Gas turbine exhaust gases as a source of heat and carbon dioxide for the production of greenhouse tomatoes
Haukeness, Maynard O.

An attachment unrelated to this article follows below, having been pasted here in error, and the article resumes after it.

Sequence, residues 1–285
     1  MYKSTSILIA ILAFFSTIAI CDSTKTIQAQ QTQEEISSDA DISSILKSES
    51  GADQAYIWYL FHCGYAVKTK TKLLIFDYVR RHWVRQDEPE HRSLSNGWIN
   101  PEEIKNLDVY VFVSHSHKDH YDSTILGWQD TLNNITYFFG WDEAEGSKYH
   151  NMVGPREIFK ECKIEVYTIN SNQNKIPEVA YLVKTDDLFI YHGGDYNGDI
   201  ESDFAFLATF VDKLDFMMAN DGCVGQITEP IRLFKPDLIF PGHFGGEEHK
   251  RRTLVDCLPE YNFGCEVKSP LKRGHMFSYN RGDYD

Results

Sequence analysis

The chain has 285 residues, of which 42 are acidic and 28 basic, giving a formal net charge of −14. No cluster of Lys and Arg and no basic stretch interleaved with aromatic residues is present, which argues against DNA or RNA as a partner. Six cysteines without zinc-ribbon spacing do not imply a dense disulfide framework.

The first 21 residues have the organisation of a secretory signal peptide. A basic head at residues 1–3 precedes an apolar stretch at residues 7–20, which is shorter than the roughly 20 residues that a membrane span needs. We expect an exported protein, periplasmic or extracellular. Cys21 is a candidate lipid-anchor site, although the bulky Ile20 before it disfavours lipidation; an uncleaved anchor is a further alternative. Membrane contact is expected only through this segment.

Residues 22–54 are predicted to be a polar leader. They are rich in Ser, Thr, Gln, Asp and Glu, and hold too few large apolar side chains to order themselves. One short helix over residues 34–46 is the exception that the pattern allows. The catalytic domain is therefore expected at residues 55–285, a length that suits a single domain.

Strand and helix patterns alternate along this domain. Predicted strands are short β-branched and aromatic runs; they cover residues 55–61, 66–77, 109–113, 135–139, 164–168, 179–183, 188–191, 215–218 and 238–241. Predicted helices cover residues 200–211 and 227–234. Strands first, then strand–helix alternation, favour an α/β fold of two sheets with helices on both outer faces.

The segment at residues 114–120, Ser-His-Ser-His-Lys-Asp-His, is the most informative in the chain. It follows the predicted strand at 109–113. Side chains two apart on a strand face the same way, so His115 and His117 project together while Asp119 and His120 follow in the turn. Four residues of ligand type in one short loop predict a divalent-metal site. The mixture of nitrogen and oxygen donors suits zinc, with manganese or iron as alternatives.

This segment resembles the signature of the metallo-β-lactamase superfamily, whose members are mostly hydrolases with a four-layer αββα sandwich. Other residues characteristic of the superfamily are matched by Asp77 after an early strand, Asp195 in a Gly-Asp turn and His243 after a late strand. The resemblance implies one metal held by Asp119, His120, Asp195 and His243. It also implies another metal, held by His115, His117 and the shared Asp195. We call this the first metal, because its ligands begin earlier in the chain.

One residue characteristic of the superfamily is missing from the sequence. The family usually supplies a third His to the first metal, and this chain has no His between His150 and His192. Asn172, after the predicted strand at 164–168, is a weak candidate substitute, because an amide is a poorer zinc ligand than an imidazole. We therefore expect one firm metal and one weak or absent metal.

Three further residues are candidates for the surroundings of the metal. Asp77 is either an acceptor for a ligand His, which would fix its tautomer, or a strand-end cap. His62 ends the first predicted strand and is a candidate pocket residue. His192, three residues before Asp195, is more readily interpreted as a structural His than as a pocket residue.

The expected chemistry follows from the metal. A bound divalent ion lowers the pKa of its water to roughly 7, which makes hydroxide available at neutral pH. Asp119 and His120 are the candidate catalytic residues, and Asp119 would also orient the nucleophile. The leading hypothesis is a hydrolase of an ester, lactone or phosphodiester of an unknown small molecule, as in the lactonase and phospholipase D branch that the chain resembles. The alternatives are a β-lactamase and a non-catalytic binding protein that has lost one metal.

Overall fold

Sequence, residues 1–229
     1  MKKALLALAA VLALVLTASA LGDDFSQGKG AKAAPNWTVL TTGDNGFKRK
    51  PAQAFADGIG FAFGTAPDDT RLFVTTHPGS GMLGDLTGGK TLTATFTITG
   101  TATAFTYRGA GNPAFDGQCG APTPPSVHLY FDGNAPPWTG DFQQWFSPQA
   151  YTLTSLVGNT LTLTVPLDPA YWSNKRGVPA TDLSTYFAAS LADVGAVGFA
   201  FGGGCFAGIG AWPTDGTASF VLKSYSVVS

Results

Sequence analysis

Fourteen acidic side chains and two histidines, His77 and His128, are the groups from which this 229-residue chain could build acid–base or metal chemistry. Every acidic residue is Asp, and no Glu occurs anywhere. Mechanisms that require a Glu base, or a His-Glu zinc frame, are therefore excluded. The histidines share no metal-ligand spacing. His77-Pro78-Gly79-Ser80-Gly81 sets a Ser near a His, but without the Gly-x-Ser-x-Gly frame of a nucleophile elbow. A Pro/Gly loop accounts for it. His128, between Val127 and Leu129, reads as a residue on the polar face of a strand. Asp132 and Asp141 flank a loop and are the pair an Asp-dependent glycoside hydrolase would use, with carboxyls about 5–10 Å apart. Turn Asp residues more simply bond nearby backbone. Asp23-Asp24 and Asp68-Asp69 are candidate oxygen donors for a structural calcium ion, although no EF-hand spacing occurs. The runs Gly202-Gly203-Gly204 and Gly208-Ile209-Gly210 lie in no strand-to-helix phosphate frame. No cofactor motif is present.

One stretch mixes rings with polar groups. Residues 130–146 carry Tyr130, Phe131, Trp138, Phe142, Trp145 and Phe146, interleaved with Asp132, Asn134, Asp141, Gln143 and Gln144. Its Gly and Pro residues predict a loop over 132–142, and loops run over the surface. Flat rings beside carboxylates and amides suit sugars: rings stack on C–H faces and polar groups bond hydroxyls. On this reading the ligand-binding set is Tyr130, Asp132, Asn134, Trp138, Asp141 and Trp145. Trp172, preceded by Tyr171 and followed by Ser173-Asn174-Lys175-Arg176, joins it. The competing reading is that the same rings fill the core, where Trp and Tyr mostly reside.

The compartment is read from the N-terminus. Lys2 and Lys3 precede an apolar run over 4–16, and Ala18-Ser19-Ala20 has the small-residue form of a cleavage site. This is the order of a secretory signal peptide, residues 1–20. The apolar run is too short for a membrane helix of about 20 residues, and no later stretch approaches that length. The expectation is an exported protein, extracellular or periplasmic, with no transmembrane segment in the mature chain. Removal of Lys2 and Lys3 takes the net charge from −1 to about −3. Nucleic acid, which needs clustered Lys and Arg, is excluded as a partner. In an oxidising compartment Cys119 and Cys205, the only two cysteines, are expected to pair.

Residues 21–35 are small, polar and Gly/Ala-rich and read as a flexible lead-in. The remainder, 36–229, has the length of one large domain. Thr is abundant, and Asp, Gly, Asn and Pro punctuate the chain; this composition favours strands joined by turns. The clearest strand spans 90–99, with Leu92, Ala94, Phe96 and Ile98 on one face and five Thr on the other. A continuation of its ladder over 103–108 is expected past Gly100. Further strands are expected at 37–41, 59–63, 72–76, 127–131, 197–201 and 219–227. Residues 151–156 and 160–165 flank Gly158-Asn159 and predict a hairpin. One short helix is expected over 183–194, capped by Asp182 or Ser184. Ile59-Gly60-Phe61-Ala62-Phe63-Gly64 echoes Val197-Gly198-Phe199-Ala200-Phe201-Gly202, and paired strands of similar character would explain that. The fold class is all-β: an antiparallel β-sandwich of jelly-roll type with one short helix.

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The long held belief that hydrocarbon energy sources are limitless is rapidly being disproven. While non-renewable resources such as gas, oil, and coal become limiting, the fear of an energy shortage is becoming very real. This energy scare is resulting in campaigns to make the public more concerned with how remaining sources of energy are used. An examination of the major industrial users of hydrocarbon fuels reveals that tremendous amounts of energy in the form of heat are released into the environment every day. This heat is released in the gaseous state or as a heated effluent. In many cases, the high quality of this heat would allow it to be used for beneficial purposes. The concept of using waste heat is not new. Many attempts have been made in the past or are presently being undertaken to put waste energy to work. In many cases, these attempts have not been successful due to technical, economic, or political problems. Dwindling energy supplies and a conservation-minded public mean that greater efforts must be made to solve these problems. There are two basic reasons for undertaking projects which make use of waste heat sources. The first is economic and the second is ecological. The economic reasons become obvious when the rapidly rising cost of conventional energy sources is considered. The ecological reasons are based on concern for the environment when large quantities of thermal waste are released into it. Besides these basic reasons, many would argue there is a social or moral obligation to make more efficient use of natural resources than is presently the case. Often steam-electrical generating stations or other industrial plants release large quantities of heated water into lakes or rivers. This can have disastrous effects on ecological relationships. Thus, projects may have as their main concern the dissipation of heat in a way that is not harmful to the environment. Usually the most economic way of dissipating this heat in an ecologically sound manner"is to find a practical use for it. Systems must be designed to utilize the waste heat to economically improve the conversion efficiency of the fuels burned and at the same time reduce environmental risks. The major problem in utilizing waste heat from the cooling water of steam-electrical generators is to develop efficient transfer systems that remove the heat. Often the heat is of low quality so the design of the transfer system is critical. Some designs use closed-system heat exchangers and others make use of contact-type heat exchangers. Although the heat released as part of gaseous exhausts is one-third of that released as heated water, it still has great potential as an alternative energy source. Exhaust gases also present an ecological concern because many of the by-products of hydrocarbon fuel combustion contain pollutants that are harmful to the atmosphere. Systems that utilize the heat of the exhaust, as well as removing harmful components, would serve a dual purpose. When the hot exhaust gases of hydrocarbon combustion are considered, the temperature of the gases released is often much higher than is the case with heated water, but the noxious components of the exhaust present problems. Heat exchangers that are part of a closed system and prevent the entry of noxious materials must be used or else the noxious component must be removed from the exhaust to allow its direct use. If the latter method is possible, a benefit other than heating could be realized. The exhaust from hydrocarbon fuels contains large quantities of carbon dioxide which could be used to enhance the growth of crops located in protected environments. In order to test this concept, experiments were conducted from August 1974 to January 1976 by the Departments of Horticulture Science and Mechanical Engineering to study the feasibility of using the exhaust from a natural gas-fired turbine for greenhouse heating and carbon dioxide enrichment. The merits of the system were evaluated using the tomato as a test plant.